Notice the registered Trademark on the horns.


The Texas White House. In 1951, Senator Johnson purchased the “Big House” and 250 acres of land.


The original century-old rock farmhouse was greatly enlarged over the years. This is LBJ's Ranch, that he stayed at 25% of the time he was in the White House. He was the first President to establish a working office away from the White House. The ranch is made up of over 2000 acres owned by the Johnsons and another 9000 acres he leased. We didn’t think it was the most beautiful house. No pictures were permitted inside.


The Ranch House is over 7500 square feet. Not a mansion, but a large ranch home. He has a down-home feel to it. It has all of the furnishing used during the Johnson White House years. It sets along the Pedernales River in a grove of Old Oak Trees. A beautiful setting that must have been very impressive for visitors to the Texas White House. President Kennedy, Nixon, Vice-President Humphrey and many other notable statesmen sat on the front porch and enjoyed the view.



President and Mrs. Johnson gave their home, known as the "Texas White House," to the American people in 1972, establishing a life estate for themselves.

Johnson was the first Vice president to have an aircraft assigned to him. The Ranch also contains a 6400 foot runway for landing Air Force One. Actually, the 707 that served as Air Force One during the 1960's, landed at Austin, TX and then LBJ took a smaller 4-engine jet to the ranch. A Lockheed JetStar VC-140 was called Air Force One when President Johnson was aboard. He affectionately called in Air Force One Half. This jet is now permanently parked at the ranch. The runway is restricted for family use only!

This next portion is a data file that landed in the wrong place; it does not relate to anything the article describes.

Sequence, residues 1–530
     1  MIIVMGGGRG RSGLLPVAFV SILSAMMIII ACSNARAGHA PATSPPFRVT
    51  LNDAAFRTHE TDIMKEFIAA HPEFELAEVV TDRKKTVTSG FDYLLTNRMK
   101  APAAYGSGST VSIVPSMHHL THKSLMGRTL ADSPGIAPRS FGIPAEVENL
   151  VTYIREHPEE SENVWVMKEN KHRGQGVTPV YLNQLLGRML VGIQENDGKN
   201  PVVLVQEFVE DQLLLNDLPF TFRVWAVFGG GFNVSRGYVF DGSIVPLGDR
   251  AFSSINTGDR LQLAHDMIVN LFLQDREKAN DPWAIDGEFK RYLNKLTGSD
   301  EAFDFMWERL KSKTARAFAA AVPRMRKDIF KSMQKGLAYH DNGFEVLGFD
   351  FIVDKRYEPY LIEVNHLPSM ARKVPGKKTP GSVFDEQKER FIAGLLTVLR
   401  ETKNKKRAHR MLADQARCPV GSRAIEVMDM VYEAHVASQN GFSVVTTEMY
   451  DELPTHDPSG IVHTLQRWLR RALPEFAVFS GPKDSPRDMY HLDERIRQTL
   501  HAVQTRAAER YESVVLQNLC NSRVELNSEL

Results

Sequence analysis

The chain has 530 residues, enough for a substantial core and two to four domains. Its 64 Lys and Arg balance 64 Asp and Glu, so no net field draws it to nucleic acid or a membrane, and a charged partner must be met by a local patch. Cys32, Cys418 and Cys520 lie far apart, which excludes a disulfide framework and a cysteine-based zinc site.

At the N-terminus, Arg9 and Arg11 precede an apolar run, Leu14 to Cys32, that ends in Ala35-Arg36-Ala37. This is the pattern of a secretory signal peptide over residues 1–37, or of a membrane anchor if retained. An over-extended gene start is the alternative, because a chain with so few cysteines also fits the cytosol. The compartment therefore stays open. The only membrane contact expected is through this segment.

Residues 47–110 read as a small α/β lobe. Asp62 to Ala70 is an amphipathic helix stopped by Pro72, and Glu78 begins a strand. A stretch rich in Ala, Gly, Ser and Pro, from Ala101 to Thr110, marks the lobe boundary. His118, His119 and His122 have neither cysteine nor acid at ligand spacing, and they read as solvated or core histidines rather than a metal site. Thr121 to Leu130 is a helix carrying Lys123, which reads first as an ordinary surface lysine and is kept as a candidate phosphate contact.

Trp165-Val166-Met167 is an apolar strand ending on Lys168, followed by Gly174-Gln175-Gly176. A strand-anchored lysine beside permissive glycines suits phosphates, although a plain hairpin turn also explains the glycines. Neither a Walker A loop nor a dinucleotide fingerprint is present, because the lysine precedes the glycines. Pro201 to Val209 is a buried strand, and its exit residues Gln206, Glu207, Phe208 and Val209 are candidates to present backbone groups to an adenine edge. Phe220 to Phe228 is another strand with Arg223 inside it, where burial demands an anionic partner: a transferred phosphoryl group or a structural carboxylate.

Many of Johnson's favorite automobiles are parked in the out buildings on the property.

His favorite the Presidential All-Terrain Vehicle


1962 Amphicar which was German built.



There were many others included in the showcase.

The Show Barn was built for the care and training of cattle. It continues to serve as the center of present day ranching operations.


The Wash Rack…this pictures is for Marsha’s dad. He grew up on a farm and knows all about the first step to grooming a show animal…a good bath.


With the next election coming up in 2012, do either of these people look at a potential candidate?



Whoa…that second one better either grow a few inches or get a wooden box to stand up. Maybe she is sitting down…NAAAAAAH!  Another talking head..ha ha!

We really enjoy this tour and would recommend it to anyone exploring Texas Hill Country.

Thanks for visiting. Hope to see ya’ll back real soon. Have a great day!


  1. Hard to imagine a president running the country from that small and crowded office.

    The TV mounted up in the office wall, was it color or black & white?

    Our tour guide could not answer that.


  2. You need to build Marsha a smaller podium. No one would take her seriously peering over that one.

  3. Sounds like you had a fun time in Texas Hill Country. Enjoyed the tour of the LBJ Pk. We are headed that way in a couple of weeks and that's one of the sites we are hoping to visit.

    Safe Travels.